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Discussion Starter #1
So this happened...

I did my first oil change on my new-to-me in Mexico 2014 Vstrom 1K. I noticed the plug was a little stiff coming out, sort of like someone put blue locktite on it. But when I got the plug out, it was obvious that this isn't the stock plug.

Ugly, isn't it?

My theory is that this is some sort of generic self-tapping drain plug replacement for when a gorilla over-torques the plug and damages the threads in the oil sump.

I had a stock drain plug which I tried in the apparently partially now reamed out hole just for curiousity -- it was almost all the way in before the threads caught and I could only get about half a turn before it bottomed out -- without the crush washer. Nope -- that's not going to work. I put the ugly one that came out back in and tightened it just enough to barely seat against the new crush washer.

I've never come across one of these before -have any of you?.

Am I right and that's what this thing is?

Anyone have any experience with these things? Is this a reasonable fix and can I expect it to hold up over time or will I eventually need a better solution which I assume would be something like a timesert or helicoil? (It may be a challenge finding someone who has experience doing that down here.)

Sorry for the fuzzy picture -- my iPhone apparently couldn't stand looking at it either so it wouldn't focus sharply!


Thanks for any insight,

Vinnie
 

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That's apparently an oversized self tapping oil drain plug. A better fix would be something like a Time Sert oil drain plug repair. Do some searching to find the correct kit. I'm not sure if the kit will allow you to use the original plug.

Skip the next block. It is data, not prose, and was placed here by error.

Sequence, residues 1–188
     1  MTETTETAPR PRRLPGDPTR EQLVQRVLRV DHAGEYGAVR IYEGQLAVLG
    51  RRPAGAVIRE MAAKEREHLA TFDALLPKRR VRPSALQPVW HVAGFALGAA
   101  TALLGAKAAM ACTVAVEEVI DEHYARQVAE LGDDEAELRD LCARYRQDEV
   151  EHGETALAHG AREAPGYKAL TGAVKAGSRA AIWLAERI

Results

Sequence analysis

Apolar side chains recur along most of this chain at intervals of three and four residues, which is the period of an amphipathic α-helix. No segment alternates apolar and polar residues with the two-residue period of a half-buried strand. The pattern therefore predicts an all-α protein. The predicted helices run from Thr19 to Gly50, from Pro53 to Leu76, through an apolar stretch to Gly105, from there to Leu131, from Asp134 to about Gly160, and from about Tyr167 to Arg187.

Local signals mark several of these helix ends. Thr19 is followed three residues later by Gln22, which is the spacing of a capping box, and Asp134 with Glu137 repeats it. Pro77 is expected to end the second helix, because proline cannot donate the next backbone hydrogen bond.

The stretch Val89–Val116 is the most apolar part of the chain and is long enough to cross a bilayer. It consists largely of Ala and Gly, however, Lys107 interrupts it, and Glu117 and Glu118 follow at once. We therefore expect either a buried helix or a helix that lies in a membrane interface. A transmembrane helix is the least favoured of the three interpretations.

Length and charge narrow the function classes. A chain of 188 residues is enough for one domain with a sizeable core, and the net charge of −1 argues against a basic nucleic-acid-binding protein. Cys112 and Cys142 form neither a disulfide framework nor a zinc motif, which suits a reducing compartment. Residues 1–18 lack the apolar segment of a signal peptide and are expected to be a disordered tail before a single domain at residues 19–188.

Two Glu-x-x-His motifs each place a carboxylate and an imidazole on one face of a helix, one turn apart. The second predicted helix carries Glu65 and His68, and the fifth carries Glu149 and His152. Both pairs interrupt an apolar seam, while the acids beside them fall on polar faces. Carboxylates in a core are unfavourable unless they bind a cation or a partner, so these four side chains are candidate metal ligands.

Sent from my SM-G930V using Tapatalk
 

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It looks like a self-tapping drain bolt, as you suspected.

On the head there should be a number printed, either a 1, 2, or 3. That tells you how much oversized it is. They increase in size by number. Once you hit 3, you have to do the time-sert thing, or something similar.

I'd never seen this before I resurrected my buddy's CB750 last summer. It had one installed and needed repairing again.
 

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Yes, it IS a self-tapping drain plug. Ive seen..and dealt with many of them.
As suggested above, the Time-sert repair is the best permanent repair. The tool set makes sure the threads for the insert are installed at an exact 90-drgeree angle to the thread bore surface. The Time-sert will not come out when removing the plug like some have done. Ive 2 Time sert sets, one for 14mm drain plugs and another for 10mm spark plug threads. About $90 each.
Your oil drain plug dilemma is a a poster child for advocating the use of a torque wrench.

As for a possible problem with a self-tapping drain plug: Ive seen more than a few tht with repeated removal, will strip out the threads again until you need the next oversize self-tapping plug. Unfortunately the Vstrom V-Twin drain plug threads are in the crankcase itself instead of a replaceable oil pan. A 1-time permanent repair is your best bet.
 

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Discussion Starter #11
Thanks everyone, for the help. NotACop, yes, it's doing its job now so I'll leave it alone. Unless it starts to drip, I'll deal with it the next time I need to drain the oil. I agree with Maz, I'm only going to get so many times taking this thing out and putting it back before I have a problem. These recut threads feel >very< fragile.

Larolco, I'll use a mirror to see if I can find a number on it. Do you have any idea what size corresponds to what number? When it comes time to use the time-sert, the question will be what size will I need. So, how oversize the drain plug is will be an important question.

I don't think time-serts are easily available in Mexico (although Amazon.com.mx has some) I won't be able to experiment much and it would be helpful to carry down the size I need from the US. Worst comes to worst, I can settle for a helicoil repair which are readily available.

Vinnie
 

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Larolco, I'll use a mirror to see if I can find a number on it. Do you have any idea what size corresponds to what number? When it comes time to use the time-sert, the question will be what size will I need. So, how oversize the drain plug is will be an important question.

Vinnie